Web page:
Earlier this year the World Health Organization (WHO) released a Global Action Plan for the prevention and management of the world’s most common diseases (NCDs):
- Cardiovascular diseases
- Respiratory diseases
NCD stands for noncommunicable diseases. These are chronic diseases that are non-infectious and cannot be passed from person to person. They result in long-term health consequences and often create a need for long-term treatment and care. A 2025 goal has been implemented to reduce premature deaths from noncommunicable diseases by 25%.
The global initiative took force in May 2013 when the 66th World Health Assembly endorsed the Global Action Plan on NCDs with a set of measures and suggested actions for WHO, countries and international partners. They adopted the global monitoring framework which lays out nine voluntary global targets for the diminishment of NCDs to begin being implemented. These included (source: GlobalHealth):
- Cut premature, avoidable deaths from NCDs by 25% by 2025
- Decrease leading behaviours that increase the risk of NCDs, namely tobacco use, alcohol use, physical inactivity and unhealthy diets.
WHO organization states, “Implementing simple interventions that reduce NCD risk factors will decrease premature deaths by half to two-thirds. Health systems that respond to the needs of people with NCDs can reduce mortality by another third to half.”
The WHO, together with partners around the globe, are developing strategies and institutional building blocks to strengthen health systems at the roots of engaging with leaders to influence policies; encouraging research in order to modify unhealthy behaviors and to track the trends in monitoring the progress towards preventing and managing NCDs.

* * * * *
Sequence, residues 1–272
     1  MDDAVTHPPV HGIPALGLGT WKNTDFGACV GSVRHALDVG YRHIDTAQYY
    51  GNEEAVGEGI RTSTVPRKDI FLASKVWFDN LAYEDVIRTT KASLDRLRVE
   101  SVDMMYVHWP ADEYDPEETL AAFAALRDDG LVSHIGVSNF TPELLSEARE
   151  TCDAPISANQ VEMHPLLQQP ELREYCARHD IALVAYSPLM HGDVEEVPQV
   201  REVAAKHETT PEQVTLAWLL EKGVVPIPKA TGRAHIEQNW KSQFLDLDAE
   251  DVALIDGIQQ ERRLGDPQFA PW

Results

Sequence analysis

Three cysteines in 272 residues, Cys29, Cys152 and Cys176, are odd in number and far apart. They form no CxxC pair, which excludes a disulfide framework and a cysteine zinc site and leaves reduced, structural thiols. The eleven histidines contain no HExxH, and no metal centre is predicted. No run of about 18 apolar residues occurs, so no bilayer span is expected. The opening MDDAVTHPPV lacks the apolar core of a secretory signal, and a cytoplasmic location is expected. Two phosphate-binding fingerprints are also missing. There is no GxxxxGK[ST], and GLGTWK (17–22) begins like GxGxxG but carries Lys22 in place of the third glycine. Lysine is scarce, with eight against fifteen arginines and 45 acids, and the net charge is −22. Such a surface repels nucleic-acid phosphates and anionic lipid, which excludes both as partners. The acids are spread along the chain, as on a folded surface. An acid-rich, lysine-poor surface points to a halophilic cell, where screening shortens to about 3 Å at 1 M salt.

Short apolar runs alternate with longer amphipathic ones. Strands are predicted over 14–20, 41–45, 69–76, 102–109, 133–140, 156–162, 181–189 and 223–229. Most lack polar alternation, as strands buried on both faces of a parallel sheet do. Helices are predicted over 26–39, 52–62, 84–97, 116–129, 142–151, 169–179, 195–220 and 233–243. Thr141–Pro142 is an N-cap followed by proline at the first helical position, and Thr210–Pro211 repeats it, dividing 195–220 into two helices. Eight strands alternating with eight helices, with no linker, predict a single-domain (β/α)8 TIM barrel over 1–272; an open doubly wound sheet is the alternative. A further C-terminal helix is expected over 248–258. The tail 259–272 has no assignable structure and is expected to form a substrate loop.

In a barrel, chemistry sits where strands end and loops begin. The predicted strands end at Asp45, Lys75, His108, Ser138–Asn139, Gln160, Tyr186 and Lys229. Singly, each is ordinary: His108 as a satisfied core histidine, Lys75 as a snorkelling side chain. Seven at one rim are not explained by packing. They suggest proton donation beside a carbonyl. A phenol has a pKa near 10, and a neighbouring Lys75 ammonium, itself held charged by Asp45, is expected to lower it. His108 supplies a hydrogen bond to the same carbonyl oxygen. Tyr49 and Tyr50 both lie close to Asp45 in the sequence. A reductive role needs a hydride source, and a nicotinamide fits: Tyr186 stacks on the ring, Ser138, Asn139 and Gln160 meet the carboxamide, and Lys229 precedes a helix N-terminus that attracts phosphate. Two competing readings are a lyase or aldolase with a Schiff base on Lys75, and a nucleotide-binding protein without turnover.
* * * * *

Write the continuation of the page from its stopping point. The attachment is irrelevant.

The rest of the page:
In the Noncommunicable Diseases (NCD) Country Profiles conducted by the World Health Organization (2014), South Africa shows high NCD statistics: NCDs account for 43% of total deaths in the country.
On WHO’s noncommunicable diseases fact sheet they state, “An important way to reduce NCDs is to focus on lessening the risk factors associated with these disease. Low-cost solutions exist to reduce the common modifiable risk factors.” These risk factors are tobacco, alcohol, unhealthy diet and physical inactivity.
Pharmacy lecturer at Rhodes University Professor Sunitha Srinivas, is pioneering a dialogue and initiative in Grahamstown for prevention and management called the MyHealth project. She explains that most of the medicine being procured for Makana are those for noncommunicable diseases. “I don’t come from a dispensing context. Medicine should be plan B and it has to be prevention first and only then followed by curation.”
The World Health Organization states that lower-income countries generally have a lower capacity for the prevention and control of noncommunicable diseases due to inadequate health insurance coverage which can provide information and expertise in NCD interventions. South Africa is one of these countries and that is why it is vital to begin at a grassroots level – through the community for the community.
“We need to create an awareness of self-care on both an individual and communal level. Health promotion is key,” said Professor Srinivas.
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